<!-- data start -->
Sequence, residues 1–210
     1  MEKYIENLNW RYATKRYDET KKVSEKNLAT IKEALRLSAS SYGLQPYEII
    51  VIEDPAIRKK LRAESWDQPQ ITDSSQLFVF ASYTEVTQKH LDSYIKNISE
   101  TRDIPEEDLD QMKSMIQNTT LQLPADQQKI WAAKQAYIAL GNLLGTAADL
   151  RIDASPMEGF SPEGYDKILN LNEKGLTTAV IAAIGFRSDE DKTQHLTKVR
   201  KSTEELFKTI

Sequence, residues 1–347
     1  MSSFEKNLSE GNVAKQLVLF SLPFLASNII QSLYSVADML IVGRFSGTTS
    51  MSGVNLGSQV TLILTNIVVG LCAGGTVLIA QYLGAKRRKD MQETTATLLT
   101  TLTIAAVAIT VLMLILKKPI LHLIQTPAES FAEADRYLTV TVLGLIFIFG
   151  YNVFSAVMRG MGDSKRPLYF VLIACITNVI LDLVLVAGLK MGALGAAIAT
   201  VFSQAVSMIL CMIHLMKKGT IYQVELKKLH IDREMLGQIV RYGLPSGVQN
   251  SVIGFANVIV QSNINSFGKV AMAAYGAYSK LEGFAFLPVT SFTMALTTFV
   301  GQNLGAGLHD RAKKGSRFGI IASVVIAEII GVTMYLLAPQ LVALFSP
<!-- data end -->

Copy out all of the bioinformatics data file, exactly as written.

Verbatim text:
Sequence, residues 1–210
     1  MEKYIENLNW RYATKRYDET KKVSEKNLAT IKEALRLSAS SYGLQPYEII
    51  VIEDPAIRKK LRAESWDQPQ ITDSSQLFVF ASYTEVTQKH LDSYIKNISE
   101  TRDIPEEDLD QMKSMIQNTT LQLPADQQKI WAAKQAYIAL GNLLGTAADL
   151  RIDASPMEGF SPEGYDKILN LNEKGLTTAV IAAIGFRSDE DKTQHLTKVR
   201  KSTEELFKTI

Sequence, residues 1–347
     1  MSSFEKNLSE GNVAKQLVLF SLPFLASNII QSLYSVADML IVGRFSGTTS
    51  MSGVNLGSQV TLILTNIVVG LCAGGTVLIA QYLGAKRRKD MQETTATLLT
   101  TLTIAAVAIT VLMLILKKPI LHLIQTPAES FAEADRYLTV TVLGLIFIFG
   151  YNVFSAVMRG MGDSKRPLYF VLIACITNVI LDLVLVAGLK MGALGAAIAT
   201  VFSQAVSMIL CMIHLMKKGT IYQVELKKLH IDREMLGQIV RYGLPSGVQN
   251  SVIGFANVIV QSNINSFGKV AMAAYGAYSK LEGFAFLPVT SFTMALTTFV
   301  GQNLGAGLHD RAKKGSRFGI IASVVIAEII GVTMYLLAPQ LVALFSP